He said he expected to garner six votes to enact the ordinance. As it turned out, Coons was joined by Councilmen William Tansey and Robert Weiner on the short end of the four-to-three vote. Voting against the ordinance were Councilwomen Karen Venezky and Patty Powell, and Councilmen Penrose Hollins and Robert Woods. Tansey and Weiner are the only Republicans on the Council. Four votes were needed for passage and five to override a certain Gordon veto of the legislation.

Coons said he still is attempting to sway some opinions, but has found that, in the face of "some very difficult political peril ... there is no stomach to revisit the issue" among his colleagues. No other Council members were present at the taskforce meeting although he said all were invited. Aide Lou Hinkle said he was representing Weiner, who still supports the proposed code.

Freebery "has said that no [legislation] is better than [our] bill," Coons said.

"A lot of money, a lot of time and a lot of effort was spent trying to get this done. Forty people (taskforce members) spent well over 1,000 hours working on this. ... In the six months [leading up to the Council vote] three major changes were made [to the original draft ordinance]," he said.

Nevertheless, Coons indicated that he might be open to further compromise. Noting that opposing Council members have told him they voted against the proposed ordinance because it provided for merely registering owners of rental properties and not requiring them to obtain permits. In testimony before Council, Charles Baker, general manager of the land use department, said the ability to suspend or revoke a permit would be necessary for effective enforcement of the code.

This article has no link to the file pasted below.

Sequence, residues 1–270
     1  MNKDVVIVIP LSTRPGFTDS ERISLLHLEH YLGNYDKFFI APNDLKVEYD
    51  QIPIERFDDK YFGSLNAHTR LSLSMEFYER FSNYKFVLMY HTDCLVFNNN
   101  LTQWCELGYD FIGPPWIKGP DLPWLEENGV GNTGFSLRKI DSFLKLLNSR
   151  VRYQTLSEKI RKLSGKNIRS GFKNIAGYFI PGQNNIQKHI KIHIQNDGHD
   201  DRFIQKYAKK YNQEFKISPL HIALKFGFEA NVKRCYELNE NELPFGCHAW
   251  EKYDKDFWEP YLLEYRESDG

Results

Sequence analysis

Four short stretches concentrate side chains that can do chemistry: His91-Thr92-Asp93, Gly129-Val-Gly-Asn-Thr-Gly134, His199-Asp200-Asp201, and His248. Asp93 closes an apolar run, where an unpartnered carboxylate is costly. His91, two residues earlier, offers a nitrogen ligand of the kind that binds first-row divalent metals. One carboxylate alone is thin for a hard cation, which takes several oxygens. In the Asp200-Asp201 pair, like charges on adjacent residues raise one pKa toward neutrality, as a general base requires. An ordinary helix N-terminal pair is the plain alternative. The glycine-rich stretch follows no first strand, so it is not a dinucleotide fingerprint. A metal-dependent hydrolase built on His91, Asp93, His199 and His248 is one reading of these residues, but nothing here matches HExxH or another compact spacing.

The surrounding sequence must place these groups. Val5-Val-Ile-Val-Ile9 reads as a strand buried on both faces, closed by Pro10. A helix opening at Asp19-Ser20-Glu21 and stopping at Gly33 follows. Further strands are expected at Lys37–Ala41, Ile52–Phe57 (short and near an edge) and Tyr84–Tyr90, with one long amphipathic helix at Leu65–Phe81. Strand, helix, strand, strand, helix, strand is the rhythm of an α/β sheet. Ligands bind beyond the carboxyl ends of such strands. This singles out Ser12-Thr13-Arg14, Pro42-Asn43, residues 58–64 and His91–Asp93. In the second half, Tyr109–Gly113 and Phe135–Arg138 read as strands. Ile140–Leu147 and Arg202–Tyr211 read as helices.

"That's not something that we (the taskforce) worked through in detail," Coons said. "I'd be perfectly willing to have that exploration."

Quercetti, however, reiterated the position that his group had taken in opposition to requiring permits that could be easily lifted. "That will drive insurance companies and [mortgage] lenders crazy," he said.

There was agreement among taskforce members that, although the legislative process is presently stalled, other approaches are open.

Because existing code enforcement policy provides for property inspections and taking action in response to code violations upon receipt of complaints from any source, Coons urged civic associations to become aggressive about entering complaints against properties where there are visible exterior conditions that warrant attention.

Christopher White, a tenant advocate with the Legal Aid Society of Delaware, said there is no reason why the taskforce cannot secure private sponsorship to produce and distribute the 'tenants guide' that the ordinance would have required landlords to distribute.

Noting that insurance and mortgage companies routinely have rental properties inspected to safeguard their interests, Quercetti pledged his organization's support for an effort to obtain accurate data on actual conditions. The apartment association claims to represent owners of 20,000 of the estimated 35,000 rental units in the county.

2004. All rights reserved.